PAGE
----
Undergraduate Auditions

  • Sheet Music

THE UNDERGRADUATE AUDITION PROCESS

Your Western Michigan University application will be processed by the undergraduate admissions office. Acceptance is based on things like your grade point average, class standing and test scores (ACT or SAT).

In addition to acceptance into WMU, entrance into the School of Music requires that you audition for the piano faculty. Auditions typically occur at one of four New Student Admission Days. Spring semester auditions are typically held in November, while students planning to enroll during the fall semester audition at one of three dates in January and February. If it's impossible for you to attend one of the admission days, it may be possible to arrange a separate audition by contacting Professor Sims.  However auditioning at one of the four dates is your best option, since you will have the opportunity to tour the facility, hear many of the ensembles and attend meetings related to your major. While recordings are accepted on rare occasions, a live audition is strongly encouraged. 

REGISTER FOR AUDITIONS

The audition determines:

  1. Performance level of each student.
  2. Piano studio music scholarship awards (see scholarship opportunities below).

Keep in mind that the audition is where you demonstrate your performance ability. This is where we determine whether your background and abilities are at a level where you can succeed as a music major. Acceptance varies from year to year, depending on the number of studio openings and the level of competition. 

Studio Piano Auditions

Auditions on New Student Audition Day are typically scheduled in 15 minute intervals, and there is also a 20 minute meet-the-faculty meeting, which provides an opportunity for parents to ask questions about the program. Students auditioning for the Piano Performance program should prepare three memorized pieces: one from the Baroque era, one from the Romantic era or 20th century, and a movement of a Classical sonata (Haydn, Mozart or Beethoven). Students auditioning on piano for other School of Music programs (Music Therapy, Music Education, Jazz Performance, Composition) should prepare two memorized pieces, including at least one from the Baroque or Classical era.

Jazz Piano Auditions

Jazz pianists must also audition for the classical faculty. Plan to prepare two memorized pieces, including at least one from the Baroque or Classical era. In addition, pianists auditioning for the jazz curriculum should prepare the following: 

  1. A piece of your choice in 12-bar blues form (such as Billie's Bounce or Straight, No Chaser) with two or three improvised choruses to follow;
  2. A jazz standard of your choice (such as Autumn Leaves, All the Things You Are, Oleo) with improvised choruses to follow;
  3. Sight reading of jazz pieces;

For more information regarding the jazz program, visit the Jazz Area website.  

Organ Auditions

Prospective organ students may audition on either organ or piano. Three pieces are recommended: one Baroque or Classical, one Romantic, and a third from any period. Playing at least one of the pieces from memory is encouraged, and sight-reading skills are an asset. A previous introduction to organ is beneficial but not required.

Other Audition Information

Another part of the New Student Audition Day process is the Basic Music Qualifying Exam. The exam covers three components to the exam:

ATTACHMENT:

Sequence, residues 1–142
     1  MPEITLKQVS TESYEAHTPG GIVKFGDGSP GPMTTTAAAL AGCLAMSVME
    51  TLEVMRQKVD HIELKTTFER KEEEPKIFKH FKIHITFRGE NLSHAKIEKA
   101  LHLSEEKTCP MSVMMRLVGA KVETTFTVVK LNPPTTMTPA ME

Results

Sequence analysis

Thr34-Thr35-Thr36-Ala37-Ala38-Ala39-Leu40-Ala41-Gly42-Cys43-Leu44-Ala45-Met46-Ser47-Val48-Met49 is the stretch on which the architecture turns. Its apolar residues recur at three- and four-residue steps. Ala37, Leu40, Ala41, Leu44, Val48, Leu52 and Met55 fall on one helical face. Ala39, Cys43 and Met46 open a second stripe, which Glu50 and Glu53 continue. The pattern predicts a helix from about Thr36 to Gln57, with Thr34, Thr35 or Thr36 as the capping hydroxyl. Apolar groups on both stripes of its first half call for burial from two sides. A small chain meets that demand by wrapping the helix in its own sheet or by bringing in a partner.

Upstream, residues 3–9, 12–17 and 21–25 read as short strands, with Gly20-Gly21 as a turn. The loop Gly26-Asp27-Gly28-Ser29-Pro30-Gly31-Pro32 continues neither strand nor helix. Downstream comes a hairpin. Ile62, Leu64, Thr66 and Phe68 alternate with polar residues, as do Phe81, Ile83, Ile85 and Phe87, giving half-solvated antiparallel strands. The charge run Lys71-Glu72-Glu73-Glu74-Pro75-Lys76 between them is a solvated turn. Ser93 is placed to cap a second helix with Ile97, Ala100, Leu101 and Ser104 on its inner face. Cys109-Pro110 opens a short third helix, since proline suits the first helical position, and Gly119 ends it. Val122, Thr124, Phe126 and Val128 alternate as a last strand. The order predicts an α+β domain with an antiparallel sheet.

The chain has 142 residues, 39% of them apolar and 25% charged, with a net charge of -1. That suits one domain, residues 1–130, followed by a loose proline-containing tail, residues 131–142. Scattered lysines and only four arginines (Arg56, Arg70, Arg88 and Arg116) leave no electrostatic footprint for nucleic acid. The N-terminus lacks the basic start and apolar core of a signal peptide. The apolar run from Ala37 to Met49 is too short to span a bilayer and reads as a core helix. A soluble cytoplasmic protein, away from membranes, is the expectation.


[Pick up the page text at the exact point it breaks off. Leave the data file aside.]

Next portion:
1. Written theory tests basic rudiments of key signatures, scales, intervals, triads, and time signatures
  2. Aural identification includes multiple choice questions identifying intervals, triads, short melodies, and rhythms
  3. Aural performance includes singing major and minor scales, matching pitches, call and response melody and rhythm, and basic melodic and rhythmic sight reading. 

Although the performance on your major instrument is the most important part of the audition process, the test results may be considered as acceptance decisions are made.  

Audition results are typically announced after the final audition in March. Therefore there is no advantage to auditioning earlier rather than later.  Once the results are announced, you may expect to be notified with one of three possible decisions:  

  • Accepted—You may begin course work as a music major.
  • Waiting list—Your audition qualified you for acceptance, but enrollment limitations in the studio have resulted in the need to create a waiting list for admission. Your name is now part of that list and, when space becomes available, you will be notified of your acceptance to the major.  
  • Not accepted—This is an indication that we feel you will not be successful in our music curriculum. You may not begin course work as a music major at this time, however you may audition again at a later date. Students may audition a maximum of two times for any studio.  

Scholarships

A number of scholarship or funding opportunities exist for entering freshmen. Several of these opportunities include:

  • Piano studio awards—At the audition, each student will be considered for a piano studio scholarship.  These are competitive awards given for up to four years.
  • Jazz scholarships—Students auditioning for the Jazz Area will automatically be considered for a jazz award. For more information about Jazz Area piano scholarships, contact Professors Scott Cowan or Matthew Fries. 
  • WMU Academic Scholarships—WMU offers a number of outstanding academic awards for incoming freshmen, the most notable of which is the Medallion Scholarship. These awards are available for both in-state and out-of-state students, and some can cover a substantial part of your tuition and/or expenses. For more information, see Freshmen Scholarships.